Any decent sized tongue will work here, so use what you can find. A word on peeling them after they've simmered: You need to do this while they are still hot, otherwise the skin will stick to the meat and it'll be a pain to remove later.
You need to simmer the tongues first. You can go as simple as simmering them in beef or chicken broth, or if you want to do water, add some bay leaves or avocado leaves, some chopped onion and maybe a carrot or two. See below for some tips on the making a great simmering broth.
Once the tongue is tender, which will take about 2 to 3 hours, remove it and, as soon as it is barely cool enough to handle, peel the skin off it. You might need a paring knife to help you with this. Discard the skin. Strain the broth and use it for some other purpose later.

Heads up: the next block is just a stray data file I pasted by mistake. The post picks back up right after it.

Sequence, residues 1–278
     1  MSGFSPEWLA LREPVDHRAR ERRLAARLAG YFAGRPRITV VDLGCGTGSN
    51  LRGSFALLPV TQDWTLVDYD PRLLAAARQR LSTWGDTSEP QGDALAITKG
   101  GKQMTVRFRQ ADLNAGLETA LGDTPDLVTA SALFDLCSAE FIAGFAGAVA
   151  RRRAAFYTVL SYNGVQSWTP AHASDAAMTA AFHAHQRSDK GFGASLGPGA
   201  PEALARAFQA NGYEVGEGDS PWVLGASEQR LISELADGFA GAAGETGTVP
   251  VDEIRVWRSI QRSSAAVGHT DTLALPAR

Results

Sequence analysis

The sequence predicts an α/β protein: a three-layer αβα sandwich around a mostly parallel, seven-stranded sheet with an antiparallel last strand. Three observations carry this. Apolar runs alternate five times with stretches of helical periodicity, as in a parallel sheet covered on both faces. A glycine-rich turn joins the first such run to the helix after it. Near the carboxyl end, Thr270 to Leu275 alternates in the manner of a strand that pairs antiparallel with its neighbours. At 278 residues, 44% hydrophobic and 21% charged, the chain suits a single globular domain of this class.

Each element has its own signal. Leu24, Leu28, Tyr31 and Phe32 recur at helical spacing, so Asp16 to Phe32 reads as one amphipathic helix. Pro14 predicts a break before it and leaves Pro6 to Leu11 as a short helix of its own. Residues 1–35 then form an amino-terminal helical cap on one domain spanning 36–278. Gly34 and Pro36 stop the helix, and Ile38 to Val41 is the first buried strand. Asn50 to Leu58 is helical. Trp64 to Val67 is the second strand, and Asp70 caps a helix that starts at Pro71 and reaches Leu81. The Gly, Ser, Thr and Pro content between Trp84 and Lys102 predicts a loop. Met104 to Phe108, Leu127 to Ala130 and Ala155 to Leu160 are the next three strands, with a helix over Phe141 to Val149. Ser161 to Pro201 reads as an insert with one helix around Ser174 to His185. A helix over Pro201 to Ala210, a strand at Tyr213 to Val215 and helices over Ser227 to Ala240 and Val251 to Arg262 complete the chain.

While the tongue is simmering, mix the onion with some salt and the lime juice and let it sit at room temperature. This is best done the day you serve, but you can keep the pickled onion in the fridge a day or three without it getting nasty.
When the tongue is ready for the grill, get your fire nice and hot. If you are using smaller tongues, leave them whole. If you are using a large beef or elk tongue, cut it into 3 or 4 large chunks -- this will open up more surface area for browning. Coat the tongue with a little oil and grill until nicely browned.
When you are ready to serve, chop the tongue well and serve with the onions, salsa and cilantro on the tortilla of your choice.